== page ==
A rosewood Eames Lounge Chair and ottoman are in the permanent collection of the Museum of Modern Art in New York City. The set was a gift of the Herman Miller Company.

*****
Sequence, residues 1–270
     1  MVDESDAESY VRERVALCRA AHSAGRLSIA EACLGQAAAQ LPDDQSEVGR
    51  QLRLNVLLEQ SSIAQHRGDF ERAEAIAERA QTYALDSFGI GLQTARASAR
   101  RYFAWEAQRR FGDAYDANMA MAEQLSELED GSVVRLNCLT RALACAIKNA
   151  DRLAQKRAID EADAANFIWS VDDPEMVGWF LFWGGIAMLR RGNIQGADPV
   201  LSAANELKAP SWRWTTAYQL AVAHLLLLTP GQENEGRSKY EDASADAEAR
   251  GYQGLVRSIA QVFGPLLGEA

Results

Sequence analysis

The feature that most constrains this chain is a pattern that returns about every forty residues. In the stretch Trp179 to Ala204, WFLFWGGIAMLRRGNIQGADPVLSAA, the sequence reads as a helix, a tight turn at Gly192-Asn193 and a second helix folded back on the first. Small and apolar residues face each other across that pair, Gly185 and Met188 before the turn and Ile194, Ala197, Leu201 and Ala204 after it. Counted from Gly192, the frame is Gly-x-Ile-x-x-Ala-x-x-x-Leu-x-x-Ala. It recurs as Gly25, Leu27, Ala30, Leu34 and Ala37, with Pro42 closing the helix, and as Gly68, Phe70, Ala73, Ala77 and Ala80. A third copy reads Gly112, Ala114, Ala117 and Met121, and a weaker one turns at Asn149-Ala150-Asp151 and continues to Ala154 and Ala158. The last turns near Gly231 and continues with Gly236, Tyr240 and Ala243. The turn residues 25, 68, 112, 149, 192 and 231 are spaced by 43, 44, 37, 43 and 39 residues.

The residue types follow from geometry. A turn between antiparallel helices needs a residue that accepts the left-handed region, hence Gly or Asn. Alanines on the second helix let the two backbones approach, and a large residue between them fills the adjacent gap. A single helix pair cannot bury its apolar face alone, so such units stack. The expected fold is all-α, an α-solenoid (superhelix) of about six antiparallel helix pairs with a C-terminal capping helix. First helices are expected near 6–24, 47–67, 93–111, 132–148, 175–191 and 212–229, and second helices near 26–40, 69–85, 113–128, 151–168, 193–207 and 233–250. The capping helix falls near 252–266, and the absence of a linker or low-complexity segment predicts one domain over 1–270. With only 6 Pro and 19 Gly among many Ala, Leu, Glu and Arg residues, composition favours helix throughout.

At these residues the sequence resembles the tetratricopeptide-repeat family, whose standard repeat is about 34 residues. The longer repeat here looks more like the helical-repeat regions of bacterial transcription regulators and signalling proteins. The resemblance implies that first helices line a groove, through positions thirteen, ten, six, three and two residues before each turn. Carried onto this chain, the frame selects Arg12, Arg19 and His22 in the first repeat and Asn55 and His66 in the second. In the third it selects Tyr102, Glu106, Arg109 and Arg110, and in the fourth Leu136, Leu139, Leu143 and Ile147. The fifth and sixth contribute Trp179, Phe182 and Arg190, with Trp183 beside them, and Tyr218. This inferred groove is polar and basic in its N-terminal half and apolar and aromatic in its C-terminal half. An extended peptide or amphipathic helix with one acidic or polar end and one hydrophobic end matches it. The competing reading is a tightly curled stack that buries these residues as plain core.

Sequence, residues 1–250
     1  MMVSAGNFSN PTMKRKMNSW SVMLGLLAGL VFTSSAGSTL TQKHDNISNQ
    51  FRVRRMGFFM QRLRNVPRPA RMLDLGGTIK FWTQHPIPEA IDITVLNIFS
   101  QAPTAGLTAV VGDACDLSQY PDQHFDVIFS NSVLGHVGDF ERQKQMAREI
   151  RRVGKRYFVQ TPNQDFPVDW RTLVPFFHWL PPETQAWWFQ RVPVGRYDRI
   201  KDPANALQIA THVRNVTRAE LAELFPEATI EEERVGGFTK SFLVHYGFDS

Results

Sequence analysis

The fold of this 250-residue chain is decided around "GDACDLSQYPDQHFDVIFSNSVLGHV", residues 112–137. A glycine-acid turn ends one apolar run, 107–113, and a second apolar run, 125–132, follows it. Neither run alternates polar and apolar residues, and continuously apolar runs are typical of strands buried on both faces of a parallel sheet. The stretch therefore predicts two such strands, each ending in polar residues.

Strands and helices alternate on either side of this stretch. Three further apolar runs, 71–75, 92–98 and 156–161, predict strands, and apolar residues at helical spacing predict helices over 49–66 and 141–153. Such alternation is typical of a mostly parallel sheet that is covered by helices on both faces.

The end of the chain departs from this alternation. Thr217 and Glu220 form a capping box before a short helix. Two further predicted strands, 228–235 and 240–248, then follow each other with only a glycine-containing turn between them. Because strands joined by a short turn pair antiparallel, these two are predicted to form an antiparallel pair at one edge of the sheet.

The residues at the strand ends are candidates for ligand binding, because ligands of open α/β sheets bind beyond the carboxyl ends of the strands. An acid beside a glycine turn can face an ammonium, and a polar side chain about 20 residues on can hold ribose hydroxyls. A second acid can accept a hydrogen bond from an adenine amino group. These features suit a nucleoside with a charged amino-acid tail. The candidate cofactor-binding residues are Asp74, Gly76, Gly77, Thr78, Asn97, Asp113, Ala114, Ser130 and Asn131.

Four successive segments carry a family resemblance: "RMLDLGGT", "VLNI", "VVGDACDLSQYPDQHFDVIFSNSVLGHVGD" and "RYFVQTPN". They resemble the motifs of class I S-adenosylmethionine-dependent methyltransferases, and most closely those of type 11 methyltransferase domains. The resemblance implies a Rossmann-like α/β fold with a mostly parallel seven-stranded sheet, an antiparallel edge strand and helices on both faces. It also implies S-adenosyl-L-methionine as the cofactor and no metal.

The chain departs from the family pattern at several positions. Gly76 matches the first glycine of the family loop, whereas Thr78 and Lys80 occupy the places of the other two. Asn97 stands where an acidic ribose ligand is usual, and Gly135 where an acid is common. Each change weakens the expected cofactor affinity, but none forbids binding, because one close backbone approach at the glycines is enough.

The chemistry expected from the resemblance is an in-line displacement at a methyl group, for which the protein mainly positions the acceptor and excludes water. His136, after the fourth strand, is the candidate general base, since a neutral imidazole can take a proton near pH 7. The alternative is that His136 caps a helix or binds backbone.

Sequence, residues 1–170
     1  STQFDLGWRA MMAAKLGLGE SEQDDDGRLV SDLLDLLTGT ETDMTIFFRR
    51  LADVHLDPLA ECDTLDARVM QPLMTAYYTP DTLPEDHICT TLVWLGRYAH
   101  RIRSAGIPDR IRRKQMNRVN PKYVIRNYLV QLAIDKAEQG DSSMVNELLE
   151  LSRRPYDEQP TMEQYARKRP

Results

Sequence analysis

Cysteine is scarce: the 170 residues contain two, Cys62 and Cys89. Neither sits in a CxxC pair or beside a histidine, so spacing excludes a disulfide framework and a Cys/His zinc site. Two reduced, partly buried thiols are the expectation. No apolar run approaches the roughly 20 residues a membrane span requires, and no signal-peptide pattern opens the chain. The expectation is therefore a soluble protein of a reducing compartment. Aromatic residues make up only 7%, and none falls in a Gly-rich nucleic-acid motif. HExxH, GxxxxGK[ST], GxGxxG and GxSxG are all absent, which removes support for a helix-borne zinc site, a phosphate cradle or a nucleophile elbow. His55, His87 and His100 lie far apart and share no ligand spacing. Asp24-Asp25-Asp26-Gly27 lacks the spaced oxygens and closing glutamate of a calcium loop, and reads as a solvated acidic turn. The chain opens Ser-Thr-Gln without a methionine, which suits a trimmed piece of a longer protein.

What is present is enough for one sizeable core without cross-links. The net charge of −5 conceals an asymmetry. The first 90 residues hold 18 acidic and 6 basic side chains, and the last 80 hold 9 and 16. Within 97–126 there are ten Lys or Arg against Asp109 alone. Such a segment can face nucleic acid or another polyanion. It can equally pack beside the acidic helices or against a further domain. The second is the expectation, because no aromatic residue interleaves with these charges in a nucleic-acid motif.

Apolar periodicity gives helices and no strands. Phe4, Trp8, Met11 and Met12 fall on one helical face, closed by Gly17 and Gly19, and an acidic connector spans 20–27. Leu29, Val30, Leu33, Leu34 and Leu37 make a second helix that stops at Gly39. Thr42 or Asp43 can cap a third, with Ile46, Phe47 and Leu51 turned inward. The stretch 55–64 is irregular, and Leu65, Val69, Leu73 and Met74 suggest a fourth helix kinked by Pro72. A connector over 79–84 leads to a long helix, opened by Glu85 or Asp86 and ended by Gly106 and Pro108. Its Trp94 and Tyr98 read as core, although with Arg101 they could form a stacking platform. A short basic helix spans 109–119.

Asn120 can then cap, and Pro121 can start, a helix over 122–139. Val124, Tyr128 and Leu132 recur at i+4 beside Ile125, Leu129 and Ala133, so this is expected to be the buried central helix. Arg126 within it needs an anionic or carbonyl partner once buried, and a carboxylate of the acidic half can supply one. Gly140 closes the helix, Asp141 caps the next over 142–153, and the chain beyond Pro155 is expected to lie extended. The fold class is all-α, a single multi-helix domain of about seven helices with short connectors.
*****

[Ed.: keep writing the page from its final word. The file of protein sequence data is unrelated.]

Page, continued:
The Eameses constantly made use of new materials. The pair’s first plywood chair—the Eames Lounge Chair Wood (LCW)—made use of a heavy rubber washer glued to the backrest of the chair and screwed to the lumbar support. These washers, which have come to be called ‘shock mounts’, allow the backrest to flex slightly. This technology was brought back in the 670 Lounge chair. The backrest and headrest are screwed together by a pair of aluminum supports. This unit is suspended on the seat via two connection points in the armrests. The armrests are screwed to shock mounts which are connected only via glue to the interior of the backrest shell, allowing the backrest and headrest to flex when the chair is in use. This is part of the chair’s unusual design, as well as its weakest link. The shock mounts have been known to tear free causing catastrophic collapse and damage.